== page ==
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Impact of Information Technologies on Air Transportation

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The Impact of Information Technologies on Air Transportation
R. John Hansman*
Massachusetts Institute of Technology, Cambridge MA 02139, USA The Air Transportation System and several key subsystems including the Aircraft, Airline, and Air Traffic Management are modeled as interacting control loops. The impact of Information Technologies on each of these subsystems is evaluated through the performance of these control loops. Information technologies are seen to have a significant impact on the safety, efficiency, capability, capacity, environmental impact and financial performance of the Air Transportation System and its components.



he US and International Air Transportation Systems have demonstrated remarkable growth and increased performance over the past few decades. Fig.1 demonstrates the growth in passenger and cargo traffic in international regions since 1972. Strong growth can be seen in North America and Europe which continue to dominate the passenger traffic. In addition, extraordinary growth can be seen in Asia/Pacific which has dominated the cargo traffic since the early 1990’s.
Scheduled Revenue Passenger-Kilometers by Region
1400 1200 1000
RPK (billion)
North America Europe

Freight Tonne-Kilometers by Region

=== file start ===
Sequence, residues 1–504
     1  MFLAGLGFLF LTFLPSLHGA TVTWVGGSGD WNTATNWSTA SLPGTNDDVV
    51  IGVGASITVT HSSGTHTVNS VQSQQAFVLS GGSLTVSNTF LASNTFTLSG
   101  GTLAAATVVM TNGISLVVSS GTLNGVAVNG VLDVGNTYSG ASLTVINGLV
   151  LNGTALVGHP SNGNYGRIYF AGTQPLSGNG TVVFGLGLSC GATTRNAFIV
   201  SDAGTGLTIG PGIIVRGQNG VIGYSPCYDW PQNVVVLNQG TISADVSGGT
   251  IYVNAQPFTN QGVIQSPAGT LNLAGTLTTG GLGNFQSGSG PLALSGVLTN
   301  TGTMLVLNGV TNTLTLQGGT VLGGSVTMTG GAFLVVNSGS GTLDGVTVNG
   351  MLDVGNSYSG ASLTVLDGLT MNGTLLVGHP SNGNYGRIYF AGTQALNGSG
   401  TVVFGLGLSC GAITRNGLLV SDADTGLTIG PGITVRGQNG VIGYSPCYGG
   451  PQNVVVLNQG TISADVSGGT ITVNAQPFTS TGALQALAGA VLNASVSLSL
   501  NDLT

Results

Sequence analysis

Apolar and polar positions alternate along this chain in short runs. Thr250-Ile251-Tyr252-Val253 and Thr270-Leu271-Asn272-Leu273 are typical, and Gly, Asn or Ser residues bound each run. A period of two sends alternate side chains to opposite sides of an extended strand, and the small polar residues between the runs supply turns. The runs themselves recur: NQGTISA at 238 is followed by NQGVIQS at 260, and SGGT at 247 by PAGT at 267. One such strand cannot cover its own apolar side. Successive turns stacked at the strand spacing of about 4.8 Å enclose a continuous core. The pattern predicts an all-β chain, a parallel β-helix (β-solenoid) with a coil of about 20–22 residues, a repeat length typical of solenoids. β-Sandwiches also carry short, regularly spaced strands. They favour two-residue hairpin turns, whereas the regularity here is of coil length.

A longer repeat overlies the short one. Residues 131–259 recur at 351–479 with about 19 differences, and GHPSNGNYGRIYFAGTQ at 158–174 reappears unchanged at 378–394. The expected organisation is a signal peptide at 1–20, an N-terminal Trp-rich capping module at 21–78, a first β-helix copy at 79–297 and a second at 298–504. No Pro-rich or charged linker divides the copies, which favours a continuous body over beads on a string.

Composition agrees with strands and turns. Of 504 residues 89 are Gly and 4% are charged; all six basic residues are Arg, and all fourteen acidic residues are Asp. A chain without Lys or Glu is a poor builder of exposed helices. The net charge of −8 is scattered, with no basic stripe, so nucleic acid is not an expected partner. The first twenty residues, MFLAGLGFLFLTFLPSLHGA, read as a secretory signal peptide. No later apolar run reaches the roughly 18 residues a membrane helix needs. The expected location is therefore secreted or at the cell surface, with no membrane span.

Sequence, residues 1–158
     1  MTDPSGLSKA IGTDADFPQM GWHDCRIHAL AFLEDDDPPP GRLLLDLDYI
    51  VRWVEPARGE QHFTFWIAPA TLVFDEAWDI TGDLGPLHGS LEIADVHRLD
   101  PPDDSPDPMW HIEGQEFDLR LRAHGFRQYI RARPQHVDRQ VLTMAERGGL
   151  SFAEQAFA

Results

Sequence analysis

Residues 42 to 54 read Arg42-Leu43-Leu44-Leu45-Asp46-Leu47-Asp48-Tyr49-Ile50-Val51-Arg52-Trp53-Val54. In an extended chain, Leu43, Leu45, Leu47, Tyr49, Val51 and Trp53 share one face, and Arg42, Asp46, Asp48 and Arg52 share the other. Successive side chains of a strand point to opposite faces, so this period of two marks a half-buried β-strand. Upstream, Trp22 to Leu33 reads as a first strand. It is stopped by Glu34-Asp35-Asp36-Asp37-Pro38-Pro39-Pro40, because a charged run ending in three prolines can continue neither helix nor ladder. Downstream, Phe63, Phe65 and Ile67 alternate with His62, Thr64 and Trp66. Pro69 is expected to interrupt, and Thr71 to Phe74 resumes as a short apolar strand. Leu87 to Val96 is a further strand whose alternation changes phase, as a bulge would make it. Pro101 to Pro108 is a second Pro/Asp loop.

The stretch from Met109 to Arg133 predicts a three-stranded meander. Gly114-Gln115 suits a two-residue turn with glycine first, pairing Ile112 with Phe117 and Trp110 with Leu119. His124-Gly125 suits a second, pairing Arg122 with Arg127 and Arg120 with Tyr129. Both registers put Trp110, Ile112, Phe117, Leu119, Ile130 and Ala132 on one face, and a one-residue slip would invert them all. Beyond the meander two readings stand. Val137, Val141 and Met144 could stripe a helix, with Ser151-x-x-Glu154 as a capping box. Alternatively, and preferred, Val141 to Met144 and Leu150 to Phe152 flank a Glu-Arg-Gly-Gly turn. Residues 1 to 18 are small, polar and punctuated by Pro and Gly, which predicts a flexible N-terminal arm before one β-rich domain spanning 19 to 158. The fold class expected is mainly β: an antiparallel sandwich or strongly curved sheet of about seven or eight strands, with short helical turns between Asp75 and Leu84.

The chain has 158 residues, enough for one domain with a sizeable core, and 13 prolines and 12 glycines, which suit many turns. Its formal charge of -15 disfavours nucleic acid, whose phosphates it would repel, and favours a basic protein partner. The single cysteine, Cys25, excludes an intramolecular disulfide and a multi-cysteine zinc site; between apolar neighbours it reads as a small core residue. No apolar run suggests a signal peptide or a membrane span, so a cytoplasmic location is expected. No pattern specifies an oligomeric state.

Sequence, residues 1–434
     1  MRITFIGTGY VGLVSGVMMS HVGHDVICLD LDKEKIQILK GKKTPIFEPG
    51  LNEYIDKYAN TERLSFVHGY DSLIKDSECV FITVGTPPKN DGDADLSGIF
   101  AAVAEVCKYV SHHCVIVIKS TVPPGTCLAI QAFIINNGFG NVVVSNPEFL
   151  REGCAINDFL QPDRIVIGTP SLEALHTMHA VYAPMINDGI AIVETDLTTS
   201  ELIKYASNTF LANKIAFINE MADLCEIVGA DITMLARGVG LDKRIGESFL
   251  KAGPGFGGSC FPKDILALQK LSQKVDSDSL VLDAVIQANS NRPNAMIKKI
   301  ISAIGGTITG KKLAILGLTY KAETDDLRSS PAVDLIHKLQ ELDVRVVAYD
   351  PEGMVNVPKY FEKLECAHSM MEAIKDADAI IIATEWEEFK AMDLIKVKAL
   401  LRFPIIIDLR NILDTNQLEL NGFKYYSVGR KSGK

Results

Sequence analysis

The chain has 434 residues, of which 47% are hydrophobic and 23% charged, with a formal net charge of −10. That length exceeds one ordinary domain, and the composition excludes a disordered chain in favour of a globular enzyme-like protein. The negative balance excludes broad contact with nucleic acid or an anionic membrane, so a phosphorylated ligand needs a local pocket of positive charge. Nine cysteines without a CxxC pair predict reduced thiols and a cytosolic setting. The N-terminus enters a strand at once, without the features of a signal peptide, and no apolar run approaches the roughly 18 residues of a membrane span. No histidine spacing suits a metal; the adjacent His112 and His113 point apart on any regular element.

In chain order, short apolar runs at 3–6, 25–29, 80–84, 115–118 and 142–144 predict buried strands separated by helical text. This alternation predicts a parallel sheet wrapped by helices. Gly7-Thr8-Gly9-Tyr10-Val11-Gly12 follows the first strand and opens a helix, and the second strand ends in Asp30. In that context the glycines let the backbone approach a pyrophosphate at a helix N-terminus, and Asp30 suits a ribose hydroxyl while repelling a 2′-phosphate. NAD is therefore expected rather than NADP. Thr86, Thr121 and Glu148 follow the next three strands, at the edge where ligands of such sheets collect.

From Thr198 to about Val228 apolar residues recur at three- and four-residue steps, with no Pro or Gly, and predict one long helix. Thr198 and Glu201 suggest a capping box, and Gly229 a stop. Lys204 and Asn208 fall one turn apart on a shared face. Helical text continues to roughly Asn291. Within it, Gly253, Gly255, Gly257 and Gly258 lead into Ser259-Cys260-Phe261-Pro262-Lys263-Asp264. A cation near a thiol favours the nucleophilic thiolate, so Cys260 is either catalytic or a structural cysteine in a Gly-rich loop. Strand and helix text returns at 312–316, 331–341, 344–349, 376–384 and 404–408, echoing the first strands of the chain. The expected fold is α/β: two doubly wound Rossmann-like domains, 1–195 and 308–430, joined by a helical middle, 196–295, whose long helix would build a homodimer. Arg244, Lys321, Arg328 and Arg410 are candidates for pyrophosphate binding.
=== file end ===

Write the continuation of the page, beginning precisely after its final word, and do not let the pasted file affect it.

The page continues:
45 40 35
North America

FTK (billion)

Europe Asia and Pacific Latin America & Caribbean Middle East Africa

800 600 400 200 0 1970 1975 1980 1985 1990 1995 2000 2005

Asia and Pacific Latin America & Caribbean Middle East Africa

25 20 15 10 5 0 1970 1975 1980 1985 1990 1995 2000 2005

Figure 1. Scheduled Passenger and Cargo Traffic by Region.1 This growth in traffic has been accompanied by an increase in safety and cost efficiency. The world commercial jet aircraft fatal or hull loss accident rate decreased by a factor of 5 from 1972 to 2002 and by more than 25 from the entry of commercial jet aircraft in the early 1960’s.2 Cost efficiency has also increased. The average Cost per Available Seat Mile (CASM) for U.S. Airlines has decreased by over 40% since the late 1970’s.3 It is interesting to note that this period of strong air transportation performance correlates with both the deregulation of the U.S Airline Industry in 1978 and the growth in Information Technologies. The commercial introduction of the microprocessor was in 1971 and the introduction of the Intel 8086 processor (which powered most personal computers) occurred in 1978 (Ref. 4) the year the US Airline industry was deregulated. This paper explores the impact of Information Technologies on Air Transportation and attempts to identify key Information Technology trends, emergent issues and future opportunities for Air Transportation. In order to limit it’s scope, this paper will focus primarily on Information Technologies that influence operational closed loop feedback control at various levels. It will not address Information Technologies such as CFD and computational modeling which have had a significant impact on vehicle design.